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By Wendell Roelf and Emma Farge
GENEVA (Reuters) -Arbitrary detention of civilians has become widespread in parts of Ukraine held by Russia's military and affiliated armed groups, with 270 cases documented, the U.N. human rights chief said on Tuesday, announcing plans to boost monitoring in the country.
The findings were based on information from monitors' field visits and interviews conducted with just over 500 victims and witnesses of human rights violations, as well as other sources of data, U.N. High Commissioner for Human Rights Michelle Bachelet told the Geneva-based Human Rights Council.
"Despite restrictions on access, we have documented 270 cases of arbitrary detention and enforced disappearance. Eight of the victims were found dead," Bachelet said in an update on the situation in Ukraine in the period from Feb. 24 to May 15.
In a speech at the same session, Ukraine's Deputy Foreign Minister Emine Dzhaparova accused Russia of kidnappings on a "massive" scale, including of Kherson's mayor Ihor Kolykhayev, and called for their immediate and unconditional release.
Russia's delegate, Evgeny Ustinov, said that Bachelet's report was part of a disinformation campaign against his country designed "to cover up the crimes of the Kyiv regime". Moscow has denied deliberately attacking civilians since invading on Feb. 24.
Russian forces struck targets across Ukraine's eastern Donetsk region on Tuesday to prepare the path for an expected armoured thrust to try to take more territory as the five-month-old war entered a new phase.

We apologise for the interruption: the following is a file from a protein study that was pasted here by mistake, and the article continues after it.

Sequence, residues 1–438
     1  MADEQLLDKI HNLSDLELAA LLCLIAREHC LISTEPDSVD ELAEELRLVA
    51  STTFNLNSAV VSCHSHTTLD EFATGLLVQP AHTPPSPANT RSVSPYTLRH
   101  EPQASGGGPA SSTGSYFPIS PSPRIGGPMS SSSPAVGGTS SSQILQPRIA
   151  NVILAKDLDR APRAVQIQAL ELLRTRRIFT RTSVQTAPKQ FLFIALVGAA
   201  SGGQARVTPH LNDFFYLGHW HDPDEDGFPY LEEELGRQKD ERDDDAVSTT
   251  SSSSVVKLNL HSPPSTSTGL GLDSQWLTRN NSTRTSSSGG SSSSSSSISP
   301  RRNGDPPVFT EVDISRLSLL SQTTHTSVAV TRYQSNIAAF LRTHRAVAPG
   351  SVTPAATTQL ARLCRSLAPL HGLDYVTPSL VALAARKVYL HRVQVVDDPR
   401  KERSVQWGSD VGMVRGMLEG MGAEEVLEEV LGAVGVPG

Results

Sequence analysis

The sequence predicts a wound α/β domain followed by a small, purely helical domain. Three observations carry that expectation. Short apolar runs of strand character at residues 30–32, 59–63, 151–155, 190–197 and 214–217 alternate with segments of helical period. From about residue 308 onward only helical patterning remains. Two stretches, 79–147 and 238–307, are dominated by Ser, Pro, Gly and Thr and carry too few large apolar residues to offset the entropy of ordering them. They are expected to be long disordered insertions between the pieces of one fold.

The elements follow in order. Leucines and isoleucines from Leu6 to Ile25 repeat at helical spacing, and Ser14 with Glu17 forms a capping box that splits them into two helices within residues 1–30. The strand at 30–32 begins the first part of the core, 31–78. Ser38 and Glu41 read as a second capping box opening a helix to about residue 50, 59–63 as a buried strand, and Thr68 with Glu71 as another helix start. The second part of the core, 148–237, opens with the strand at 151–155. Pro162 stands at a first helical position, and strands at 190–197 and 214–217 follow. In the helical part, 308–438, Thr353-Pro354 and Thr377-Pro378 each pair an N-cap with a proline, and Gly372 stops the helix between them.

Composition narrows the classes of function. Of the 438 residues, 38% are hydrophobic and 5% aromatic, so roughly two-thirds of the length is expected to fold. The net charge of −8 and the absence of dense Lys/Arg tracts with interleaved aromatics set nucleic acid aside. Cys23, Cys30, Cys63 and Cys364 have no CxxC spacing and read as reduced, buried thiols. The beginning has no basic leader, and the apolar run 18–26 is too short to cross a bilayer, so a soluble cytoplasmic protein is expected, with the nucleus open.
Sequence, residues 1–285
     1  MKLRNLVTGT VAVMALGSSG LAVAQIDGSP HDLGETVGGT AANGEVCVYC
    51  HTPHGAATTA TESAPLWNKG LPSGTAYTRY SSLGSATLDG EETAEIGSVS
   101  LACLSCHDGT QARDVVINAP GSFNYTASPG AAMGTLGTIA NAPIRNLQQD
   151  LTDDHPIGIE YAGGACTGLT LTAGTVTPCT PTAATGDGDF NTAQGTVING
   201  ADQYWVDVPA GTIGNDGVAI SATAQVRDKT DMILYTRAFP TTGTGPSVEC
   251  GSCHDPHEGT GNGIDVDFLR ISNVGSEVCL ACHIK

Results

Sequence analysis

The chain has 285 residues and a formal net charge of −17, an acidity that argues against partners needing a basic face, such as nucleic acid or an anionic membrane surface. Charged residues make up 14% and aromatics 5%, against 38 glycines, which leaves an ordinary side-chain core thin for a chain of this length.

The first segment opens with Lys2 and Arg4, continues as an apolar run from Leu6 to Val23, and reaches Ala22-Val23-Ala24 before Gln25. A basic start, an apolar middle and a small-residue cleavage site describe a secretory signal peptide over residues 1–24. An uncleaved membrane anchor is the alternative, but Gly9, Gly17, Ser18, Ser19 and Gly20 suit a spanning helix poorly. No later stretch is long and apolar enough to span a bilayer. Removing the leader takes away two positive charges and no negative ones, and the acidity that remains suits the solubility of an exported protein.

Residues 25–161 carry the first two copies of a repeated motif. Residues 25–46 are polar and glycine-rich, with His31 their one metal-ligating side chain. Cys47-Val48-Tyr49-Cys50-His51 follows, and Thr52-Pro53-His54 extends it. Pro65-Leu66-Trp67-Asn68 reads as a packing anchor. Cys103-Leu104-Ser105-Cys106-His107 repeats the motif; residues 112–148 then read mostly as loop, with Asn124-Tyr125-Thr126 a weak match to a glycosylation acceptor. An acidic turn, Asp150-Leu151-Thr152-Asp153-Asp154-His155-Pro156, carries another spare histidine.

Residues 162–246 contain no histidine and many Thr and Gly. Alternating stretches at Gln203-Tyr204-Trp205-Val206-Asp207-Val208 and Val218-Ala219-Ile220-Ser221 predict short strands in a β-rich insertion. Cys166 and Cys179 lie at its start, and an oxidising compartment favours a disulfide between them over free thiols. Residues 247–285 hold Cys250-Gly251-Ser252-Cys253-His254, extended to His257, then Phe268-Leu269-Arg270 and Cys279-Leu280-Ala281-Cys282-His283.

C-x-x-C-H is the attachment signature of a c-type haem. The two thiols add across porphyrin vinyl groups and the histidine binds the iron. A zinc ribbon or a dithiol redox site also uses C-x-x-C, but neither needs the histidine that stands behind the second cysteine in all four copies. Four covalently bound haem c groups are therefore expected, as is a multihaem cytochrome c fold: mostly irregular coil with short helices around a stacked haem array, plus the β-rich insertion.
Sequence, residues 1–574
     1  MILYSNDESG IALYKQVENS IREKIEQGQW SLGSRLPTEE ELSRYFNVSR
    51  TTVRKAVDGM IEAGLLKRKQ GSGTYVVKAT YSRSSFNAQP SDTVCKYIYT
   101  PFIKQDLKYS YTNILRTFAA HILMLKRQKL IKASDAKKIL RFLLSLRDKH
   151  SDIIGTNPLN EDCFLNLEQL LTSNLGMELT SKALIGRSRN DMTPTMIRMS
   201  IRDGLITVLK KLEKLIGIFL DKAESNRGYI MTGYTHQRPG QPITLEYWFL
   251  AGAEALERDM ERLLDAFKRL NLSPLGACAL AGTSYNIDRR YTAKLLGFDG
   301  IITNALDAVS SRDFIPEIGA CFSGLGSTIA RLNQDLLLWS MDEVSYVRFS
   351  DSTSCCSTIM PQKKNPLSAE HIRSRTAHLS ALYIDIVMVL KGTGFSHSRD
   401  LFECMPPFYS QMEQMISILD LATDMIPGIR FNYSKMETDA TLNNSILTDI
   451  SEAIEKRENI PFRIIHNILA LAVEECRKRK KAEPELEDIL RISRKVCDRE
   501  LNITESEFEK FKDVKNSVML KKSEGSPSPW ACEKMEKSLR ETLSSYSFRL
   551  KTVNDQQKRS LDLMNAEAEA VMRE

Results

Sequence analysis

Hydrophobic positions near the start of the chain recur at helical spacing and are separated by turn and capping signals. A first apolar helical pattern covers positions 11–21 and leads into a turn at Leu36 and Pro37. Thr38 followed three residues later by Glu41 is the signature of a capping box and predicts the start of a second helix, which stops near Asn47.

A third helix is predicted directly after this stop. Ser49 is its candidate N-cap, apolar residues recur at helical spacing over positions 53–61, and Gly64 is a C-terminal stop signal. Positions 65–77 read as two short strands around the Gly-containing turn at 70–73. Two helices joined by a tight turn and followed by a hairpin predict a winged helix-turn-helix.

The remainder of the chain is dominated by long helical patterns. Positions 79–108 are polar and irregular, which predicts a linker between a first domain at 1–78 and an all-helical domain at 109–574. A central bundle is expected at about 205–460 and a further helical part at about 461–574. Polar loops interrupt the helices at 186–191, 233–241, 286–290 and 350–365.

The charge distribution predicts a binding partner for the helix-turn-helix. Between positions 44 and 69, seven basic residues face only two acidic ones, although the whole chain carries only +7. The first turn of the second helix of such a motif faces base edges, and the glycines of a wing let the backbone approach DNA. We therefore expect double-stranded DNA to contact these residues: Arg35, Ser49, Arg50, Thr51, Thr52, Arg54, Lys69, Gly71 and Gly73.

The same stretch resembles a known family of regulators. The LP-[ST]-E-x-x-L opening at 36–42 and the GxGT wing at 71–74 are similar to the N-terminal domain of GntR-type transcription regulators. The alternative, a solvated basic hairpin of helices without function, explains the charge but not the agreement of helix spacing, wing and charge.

The U.N. human rights office, which has maintained a presence in Ukraine since 2014, has not yet been provided access to territory occupied by Russian armed forces, Bachelet said.
She also said her office was increasing its presence in the country. A U.N. rights spokesperson added that it planned to boost its monitoring team in Ukraine to 80 people from about 55, without giving a timeframe. It has documented some 4,889 deaths of civilians so far, Bachelet said, stressing that the actual figures were "likely considerably" higher.
The high number of civilian casualties and scale of destruction raise "significant concerns" that attacks conducted by Russian armed forces were not complying with international humanitarian law, Bachelet said, adding that the Ukrainian military also appeared to be involved in similar violations in the eastern parts of the country, but on a "much lower scale".
"Russia's actions are an affront to humanity. We cannot stand by and be silent," said Michele Taylor, U.S. ambassador to the council, at the session.
(Reporting by Wendell Roelf and Emma Farge; Additional reporting by Max Hunder in Kyiv, Editing by William Maclean and Alex Richardson)